Kinky Friedman's courageous choice of material mirrored the courage of Billy Joe Shaver's performance. On a night which might have brought bitter memories or sentimentality, both artists produced an uplifting set. Eddy Shaver's tribute came in the musicians' own, uncompromising styles.
Notes from the Woodshed by Paul Klemperer
A friend and longtime Steely Dan fan, remarking on their Grammy wins, noted that it was wonderful to see a band from the '70s deservingly beat out all the mainstream pop crap of today." Laudable commentary without doubt, but it got me thinking. The Grammy's were designed to give music industry people, the ones who do the work, a voice in recognizing achievements within their field.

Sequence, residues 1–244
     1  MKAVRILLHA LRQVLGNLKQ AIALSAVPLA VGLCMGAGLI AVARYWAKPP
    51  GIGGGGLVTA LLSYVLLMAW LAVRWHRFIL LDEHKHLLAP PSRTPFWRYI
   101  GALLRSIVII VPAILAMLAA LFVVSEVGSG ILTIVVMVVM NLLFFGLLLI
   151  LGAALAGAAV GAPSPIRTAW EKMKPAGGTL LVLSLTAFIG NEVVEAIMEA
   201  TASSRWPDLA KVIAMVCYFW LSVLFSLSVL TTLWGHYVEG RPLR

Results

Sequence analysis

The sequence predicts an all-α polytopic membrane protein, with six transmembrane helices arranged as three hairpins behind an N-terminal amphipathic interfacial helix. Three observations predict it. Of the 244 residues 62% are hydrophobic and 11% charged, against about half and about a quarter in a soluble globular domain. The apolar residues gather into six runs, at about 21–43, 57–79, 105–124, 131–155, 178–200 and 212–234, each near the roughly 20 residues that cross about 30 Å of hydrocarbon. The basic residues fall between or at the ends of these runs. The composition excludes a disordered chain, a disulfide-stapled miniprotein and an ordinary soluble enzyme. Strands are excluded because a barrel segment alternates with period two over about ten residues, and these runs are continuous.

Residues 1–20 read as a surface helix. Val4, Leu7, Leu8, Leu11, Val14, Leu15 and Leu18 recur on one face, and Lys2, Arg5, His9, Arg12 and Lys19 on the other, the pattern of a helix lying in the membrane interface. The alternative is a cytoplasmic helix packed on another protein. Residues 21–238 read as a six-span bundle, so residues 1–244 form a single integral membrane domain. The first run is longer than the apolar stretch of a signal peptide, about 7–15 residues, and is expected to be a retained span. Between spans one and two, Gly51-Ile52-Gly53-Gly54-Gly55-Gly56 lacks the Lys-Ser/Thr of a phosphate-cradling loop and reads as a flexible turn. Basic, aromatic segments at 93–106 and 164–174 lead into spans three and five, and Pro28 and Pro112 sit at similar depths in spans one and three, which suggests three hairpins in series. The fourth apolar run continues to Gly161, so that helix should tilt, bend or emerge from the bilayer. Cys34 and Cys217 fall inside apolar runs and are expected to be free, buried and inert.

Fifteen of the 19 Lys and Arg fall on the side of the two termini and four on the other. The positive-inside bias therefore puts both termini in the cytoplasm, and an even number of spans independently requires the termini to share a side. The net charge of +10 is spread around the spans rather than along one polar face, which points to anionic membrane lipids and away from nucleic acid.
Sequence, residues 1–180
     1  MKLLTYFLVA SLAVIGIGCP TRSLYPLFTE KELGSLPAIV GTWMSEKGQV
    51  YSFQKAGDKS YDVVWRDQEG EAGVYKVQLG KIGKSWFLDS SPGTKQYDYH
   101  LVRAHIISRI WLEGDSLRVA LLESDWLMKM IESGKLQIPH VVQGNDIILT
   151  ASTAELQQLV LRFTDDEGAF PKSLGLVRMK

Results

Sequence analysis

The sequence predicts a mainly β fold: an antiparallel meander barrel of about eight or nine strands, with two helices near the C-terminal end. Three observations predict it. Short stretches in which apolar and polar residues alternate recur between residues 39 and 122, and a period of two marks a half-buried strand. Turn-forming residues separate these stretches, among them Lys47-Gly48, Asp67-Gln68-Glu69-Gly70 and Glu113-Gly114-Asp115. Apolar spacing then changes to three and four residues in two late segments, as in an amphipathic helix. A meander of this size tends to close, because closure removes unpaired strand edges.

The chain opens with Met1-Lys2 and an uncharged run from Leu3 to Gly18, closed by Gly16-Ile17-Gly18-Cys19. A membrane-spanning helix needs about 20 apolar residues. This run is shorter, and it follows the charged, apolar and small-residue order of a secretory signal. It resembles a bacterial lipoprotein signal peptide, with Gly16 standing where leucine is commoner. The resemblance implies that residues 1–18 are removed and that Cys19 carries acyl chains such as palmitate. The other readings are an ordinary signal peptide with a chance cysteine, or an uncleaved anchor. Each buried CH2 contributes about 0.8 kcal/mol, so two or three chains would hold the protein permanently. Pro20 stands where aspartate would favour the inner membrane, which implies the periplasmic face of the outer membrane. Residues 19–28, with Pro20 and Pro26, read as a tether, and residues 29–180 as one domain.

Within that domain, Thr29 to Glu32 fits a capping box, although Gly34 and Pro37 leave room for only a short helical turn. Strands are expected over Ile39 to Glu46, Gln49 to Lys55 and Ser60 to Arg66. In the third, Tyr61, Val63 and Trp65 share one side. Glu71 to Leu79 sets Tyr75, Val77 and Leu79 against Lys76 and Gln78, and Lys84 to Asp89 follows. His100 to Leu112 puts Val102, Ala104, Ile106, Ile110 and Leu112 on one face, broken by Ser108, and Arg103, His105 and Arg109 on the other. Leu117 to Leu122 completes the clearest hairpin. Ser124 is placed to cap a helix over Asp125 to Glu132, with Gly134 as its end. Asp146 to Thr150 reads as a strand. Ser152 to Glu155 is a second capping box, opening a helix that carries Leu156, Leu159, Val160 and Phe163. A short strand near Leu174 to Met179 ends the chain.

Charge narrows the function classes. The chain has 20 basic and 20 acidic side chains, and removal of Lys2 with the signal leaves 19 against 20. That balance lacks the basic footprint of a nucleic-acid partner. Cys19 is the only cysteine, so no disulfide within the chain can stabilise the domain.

Yet the ceremony seems to have become just another corporate machination for reinforcing the profit-driven pyramid that is popular music. When a band like Steely Dan, or last year's Carlos Santana, wins awards, does that mitigate the pyramid of mediocrity, or is it a case of the exception that proves the rule?
The rule of "imitation is the sincerest form of flattery" often reveals pop music trends. An innovative group appears, or a new twist on an old formula catches on, sells some product, and creates a buzz, and then a 100 imitators spring up. We may think it small-minded and idiotic, but the process works in a mass-market economy. Thus it is no surprise when bubblegum girls like Britney & Christina edge out other artists and legions of bubble gummers seep from the woodwork. But did this rule apply when Santana's album topped charts last year, and Steely Dan re-emerged this year? Maybe I missed something, but I haven't heard a lot of complex jazz chords and subtle melodic lines being worked into pop music formulas as a result.